CHARLIE SEPULVEDA & the Turnaround/Songs for Nat: One of the prime movers of the Latin jazz renaissance fished you in. The Nat in the title has nothing to do with any of the Nats in jazz's back pages, it's his wife Natalia that gets the nod on who these songs are for. Still fresh after leading this crew for 25 years through 9 albums, the trumpeter remains most right on as a leader, player and writer. A solid set throughout, it's accessible enough for gringos and a full throttle treat for every one. Well done.
(High Note 7316)
HOUSTON PERSON & RON CARTER/Remember Love: These old school cats are facing off fro their 6th duet in 25 years and do they ever show how to get the job done. Sax, bass good vibes and chops to spare make this deceptively simple set a must. Seeming like up market dinner music at first blush, if you wandered into a boite and heard this playing, you'd never leave. Old school all the way but with never a false note from either of their axes, this is the kind of stuff that made you a music fan in the first place. Elegance in motion, this is an uncut dose of the real deal.
(High Note 7315)
ROB DIXON TRIO/Coast to Crossroads: So, a legendary sax man wakes up one morning, calls Charlie Hunter and Mike Clark and asks if they feel like making a new record. Hunter agrees but only if he can produce. Did it really go down that way? Who knows? Tell you what though, this is about as funky as three jazz cats can get with very little help beyond their own 30 fingers between them. Jazz and funk meet up hard here and the result is as fresh as all outdoors on a good day. Hot stuff from cats that don't know who to do anything else.
TIM RACHBACH/Under One Moon: A straight ahead drummer that knows the tradition rounds up a solid crew that knows a thing or two about left leaning jazz and the fur flies. Feeling like a high minded, sitting down jazz date that never get pretentious, Rachbach is a smart and savvy leader that knows when to hold tight and when to loosen the reigns. Left leaning, after hours fans has a joy to behold here.
LORRAINE FEATHER/Math Camp: At this point in time, Sweet Lorraine has nothing to prove but she's not taking off her nerd glasses as she goes for the gusto one more time. Working with her partner of over 30 years still at the helm, she calls on the best of the smooth jazz jazzbos and brings the witty lyrics, kittenish delivery and side ways glances that let you know she knows. A jazz vocalist that has it in her DNA, Feather continues to break down walls and show she does it without being a wrecking crew. A winner throughout.
MAGGIE HERRON/A Ton of Trouble: With so much swing in her soul, you have to wonder how this sassy jazz thrush isn't related to Joel Herron. With chops taking the place of attitude on an indie release, this consummate pro is no stranger to pulling up her big girl panties before she steps up to the plate. Modern and forward thinking, this original set takes you places you've only heard in dreams and is a gasser throughout. You can't miss taking a chance on this outing.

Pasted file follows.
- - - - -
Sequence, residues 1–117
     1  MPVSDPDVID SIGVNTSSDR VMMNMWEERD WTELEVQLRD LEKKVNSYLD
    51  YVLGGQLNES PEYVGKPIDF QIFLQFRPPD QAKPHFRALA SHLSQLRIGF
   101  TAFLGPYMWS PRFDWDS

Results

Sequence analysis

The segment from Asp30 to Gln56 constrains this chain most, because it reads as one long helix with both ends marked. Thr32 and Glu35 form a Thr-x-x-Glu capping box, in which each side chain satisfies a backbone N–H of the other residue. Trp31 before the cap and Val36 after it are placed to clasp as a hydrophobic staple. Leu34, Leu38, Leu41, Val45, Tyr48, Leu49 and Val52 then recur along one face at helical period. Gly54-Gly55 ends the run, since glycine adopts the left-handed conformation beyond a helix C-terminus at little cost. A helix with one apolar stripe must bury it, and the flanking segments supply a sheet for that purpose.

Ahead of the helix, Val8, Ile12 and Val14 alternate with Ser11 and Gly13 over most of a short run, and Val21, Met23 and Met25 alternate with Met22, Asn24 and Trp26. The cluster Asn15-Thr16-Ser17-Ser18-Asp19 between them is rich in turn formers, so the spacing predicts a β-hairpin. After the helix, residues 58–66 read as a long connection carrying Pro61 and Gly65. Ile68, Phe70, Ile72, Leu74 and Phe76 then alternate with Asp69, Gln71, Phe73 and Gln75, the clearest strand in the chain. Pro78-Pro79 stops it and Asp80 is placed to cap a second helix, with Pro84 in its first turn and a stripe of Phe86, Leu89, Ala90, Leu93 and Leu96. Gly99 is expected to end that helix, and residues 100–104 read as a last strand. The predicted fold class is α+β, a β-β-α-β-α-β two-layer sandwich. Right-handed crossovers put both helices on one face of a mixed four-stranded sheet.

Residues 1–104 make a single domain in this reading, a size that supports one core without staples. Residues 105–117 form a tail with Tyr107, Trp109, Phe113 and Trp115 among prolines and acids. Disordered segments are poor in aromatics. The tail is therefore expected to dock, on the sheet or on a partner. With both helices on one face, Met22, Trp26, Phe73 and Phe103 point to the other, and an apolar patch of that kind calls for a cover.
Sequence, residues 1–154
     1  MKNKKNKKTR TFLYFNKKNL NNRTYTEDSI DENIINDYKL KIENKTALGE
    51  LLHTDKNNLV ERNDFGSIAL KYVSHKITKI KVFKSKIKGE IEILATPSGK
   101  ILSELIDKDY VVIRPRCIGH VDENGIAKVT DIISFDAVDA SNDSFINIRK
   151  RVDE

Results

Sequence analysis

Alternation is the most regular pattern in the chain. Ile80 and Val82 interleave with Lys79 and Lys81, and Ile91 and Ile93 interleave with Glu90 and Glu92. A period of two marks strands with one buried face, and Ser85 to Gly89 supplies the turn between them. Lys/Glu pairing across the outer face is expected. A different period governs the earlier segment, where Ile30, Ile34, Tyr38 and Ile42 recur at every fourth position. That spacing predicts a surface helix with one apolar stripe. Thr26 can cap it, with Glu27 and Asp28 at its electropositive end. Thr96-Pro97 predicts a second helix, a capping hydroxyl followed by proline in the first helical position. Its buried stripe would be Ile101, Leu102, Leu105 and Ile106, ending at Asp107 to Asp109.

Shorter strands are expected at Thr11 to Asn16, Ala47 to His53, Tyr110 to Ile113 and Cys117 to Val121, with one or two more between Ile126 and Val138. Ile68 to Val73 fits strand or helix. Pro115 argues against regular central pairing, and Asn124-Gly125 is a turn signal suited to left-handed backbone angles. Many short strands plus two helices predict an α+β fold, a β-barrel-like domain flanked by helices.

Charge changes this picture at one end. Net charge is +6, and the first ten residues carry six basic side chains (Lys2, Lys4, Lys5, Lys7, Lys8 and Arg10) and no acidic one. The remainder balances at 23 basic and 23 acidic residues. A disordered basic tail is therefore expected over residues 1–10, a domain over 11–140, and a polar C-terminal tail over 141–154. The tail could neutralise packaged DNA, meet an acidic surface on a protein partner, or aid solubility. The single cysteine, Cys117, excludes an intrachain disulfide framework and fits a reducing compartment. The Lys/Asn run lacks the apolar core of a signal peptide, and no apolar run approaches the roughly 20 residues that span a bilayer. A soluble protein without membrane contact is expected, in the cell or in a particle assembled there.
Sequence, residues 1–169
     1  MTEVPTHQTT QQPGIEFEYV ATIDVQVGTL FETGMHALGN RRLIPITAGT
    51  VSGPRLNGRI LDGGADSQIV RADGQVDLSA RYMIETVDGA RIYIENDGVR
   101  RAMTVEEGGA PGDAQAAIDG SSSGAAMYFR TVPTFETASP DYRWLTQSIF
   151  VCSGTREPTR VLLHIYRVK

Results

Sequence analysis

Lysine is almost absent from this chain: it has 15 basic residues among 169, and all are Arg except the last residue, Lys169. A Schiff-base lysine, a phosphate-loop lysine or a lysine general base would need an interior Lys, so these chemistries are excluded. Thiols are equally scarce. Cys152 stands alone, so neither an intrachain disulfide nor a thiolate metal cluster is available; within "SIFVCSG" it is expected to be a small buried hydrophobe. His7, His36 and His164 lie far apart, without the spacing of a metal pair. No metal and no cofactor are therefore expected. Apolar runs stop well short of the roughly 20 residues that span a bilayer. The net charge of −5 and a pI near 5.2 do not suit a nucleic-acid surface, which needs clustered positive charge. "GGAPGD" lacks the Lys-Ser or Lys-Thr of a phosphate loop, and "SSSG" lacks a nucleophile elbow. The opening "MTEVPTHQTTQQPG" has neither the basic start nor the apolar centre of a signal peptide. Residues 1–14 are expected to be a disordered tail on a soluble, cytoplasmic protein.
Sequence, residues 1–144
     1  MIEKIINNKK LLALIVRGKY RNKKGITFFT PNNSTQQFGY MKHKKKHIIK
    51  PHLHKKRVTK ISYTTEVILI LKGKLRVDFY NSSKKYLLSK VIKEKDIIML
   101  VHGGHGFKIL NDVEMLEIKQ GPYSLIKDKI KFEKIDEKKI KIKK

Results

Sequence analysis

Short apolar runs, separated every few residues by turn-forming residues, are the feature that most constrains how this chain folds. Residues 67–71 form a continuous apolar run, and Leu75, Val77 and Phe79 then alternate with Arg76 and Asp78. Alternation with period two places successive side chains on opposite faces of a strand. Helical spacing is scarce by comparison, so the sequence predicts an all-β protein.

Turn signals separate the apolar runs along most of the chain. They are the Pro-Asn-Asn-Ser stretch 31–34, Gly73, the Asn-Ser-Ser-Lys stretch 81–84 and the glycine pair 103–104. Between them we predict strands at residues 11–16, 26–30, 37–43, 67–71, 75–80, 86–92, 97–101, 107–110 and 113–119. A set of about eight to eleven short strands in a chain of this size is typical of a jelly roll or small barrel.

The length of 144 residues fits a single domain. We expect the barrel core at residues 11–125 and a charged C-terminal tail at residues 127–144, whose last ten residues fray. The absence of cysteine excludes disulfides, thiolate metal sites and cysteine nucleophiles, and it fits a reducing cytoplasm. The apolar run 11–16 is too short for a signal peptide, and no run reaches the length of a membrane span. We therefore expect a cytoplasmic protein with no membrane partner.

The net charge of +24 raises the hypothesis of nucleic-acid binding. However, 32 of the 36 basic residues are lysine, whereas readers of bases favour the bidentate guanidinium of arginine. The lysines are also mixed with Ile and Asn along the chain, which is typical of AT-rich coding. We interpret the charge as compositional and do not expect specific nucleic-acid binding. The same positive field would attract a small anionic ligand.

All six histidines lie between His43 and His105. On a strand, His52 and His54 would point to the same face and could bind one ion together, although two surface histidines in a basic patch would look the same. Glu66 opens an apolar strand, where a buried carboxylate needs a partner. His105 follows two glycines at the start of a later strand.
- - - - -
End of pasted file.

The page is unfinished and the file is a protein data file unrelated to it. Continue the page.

BETH SNAPP/Don't Apologize: People forget that when you come from Appalachia, you can be just as exposed to gospel as you can bluegrass. Snapp finds a way to mix the two with folkie smarts and the songwriting chops of an old soul. A nice ear opening date that shows she's an artist here to stay and to be reckoned with, her music invites repeated listening and leads you to find something new in each play. A solid act that songwriting fans are required to keep an ear out for.
SAMUEL MARTINELLI/Crossing Paths: In New York by way of Brazil, this drummer goes for the Brazilian color on his debut by bringing in Claudio Rodito to lead the rest of the jazzbos on deck through the rain forest as this goes well beyond samba. As warm and inviting as you would want modern Brazilian jazz to be, this will get even the most sedentary gringo bouncing in his chair. Fun stuff done with just the right touch, this is a smoking date that shows fine things are sure to come. Well done.
ALLEN AUSTIN-BISHOP/No One is Alone: A soulful black vocalist doing some of the whitest material you can find is what's on tap here. Especially in this age of everyone getting hamstrung over nothing, this is the kind of set to cross all the divides and bring people together . Let him sing Bacharach, Bergman and Piaf, he brings something really neat to the party proving the Duke Ellington was right once again----there's only two kinds of music, good and bad. Take it from me, this is good.
LLUCIA JACKSON/You and the Night and the Music: I wouldn't hold it against 26 year old Jackson if she thought Ava Gardner was the name of a lawn service, but as sure as I've long said "Hocus Pocus" would be great movie chase scene music, I've also said "I'm a Fool to Want You" would make a great saudade. Jackson read my mind and proved me right. This set is loaded with re-imaginations of great American songbook classics, often with some south of many borders accents, and it's a wonderful treat. Coming by her Spanish passions naturally, the dancer/singer knows how to put them on parade in fine form. A tasty, low key date that never fails to keep you engaged. Hot stuff powered by cool fire.
Number 41/Number 265
July 23, 2018
830 W. Route 22 #144
Lake Zurich, IL., 60047
CHRIS SPECTOR, Editor and Publisher
Copyright 2018 Midwest Record
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